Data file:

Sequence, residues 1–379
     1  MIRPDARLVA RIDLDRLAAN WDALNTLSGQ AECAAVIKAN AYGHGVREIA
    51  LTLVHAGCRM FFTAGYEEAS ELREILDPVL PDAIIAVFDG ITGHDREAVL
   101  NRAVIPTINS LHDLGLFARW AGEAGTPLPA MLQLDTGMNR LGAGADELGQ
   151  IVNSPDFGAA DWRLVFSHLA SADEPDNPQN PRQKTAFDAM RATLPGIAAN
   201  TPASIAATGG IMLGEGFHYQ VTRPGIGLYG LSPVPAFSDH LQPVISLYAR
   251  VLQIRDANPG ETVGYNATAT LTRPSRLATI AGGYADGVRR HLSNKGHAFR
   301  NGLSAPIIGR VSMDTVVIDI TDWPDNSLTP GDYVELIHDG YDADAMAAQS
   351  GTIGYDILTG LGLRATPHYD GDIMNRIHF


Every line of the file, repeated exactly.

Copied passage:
Sequence, residues 1–379
     1  MIRPDARLVA RIDLDRLAAN WDALNTLSGQ AECAAVIKAN AYGHGVREIA
    51  LTLVHAGCRM FFTAGYEEAS ELREILDPVL PDAIIAVFDG ITGHDREAVL
   101  NRAVIPTINS LHDLGLFARW AGEAGTPLPA MLQLDTGMNR LGAGADELGQ
   151  IVNSPDFGAA DWRLVFSHLA SADEPDNPQN PRQKTAFDAM RATLPGIAAN
   201  TPASIAATGG IMLGEGFHYQ VTRPGIGLYG LSPVPAFSDH LQPVISLYAR
   251  VLQIRDANPG ETVGYNATAT LTRPSRLATI AGGYADGVRR HLSNKGHAFR
   301  NGLSAPIIGR VSMDTVVIDI TDWPDNSLTP GDYVELIHDG YDADAMAAQS
   351  GTIGYDILTG LGLRATPHYD GDIMNRIHF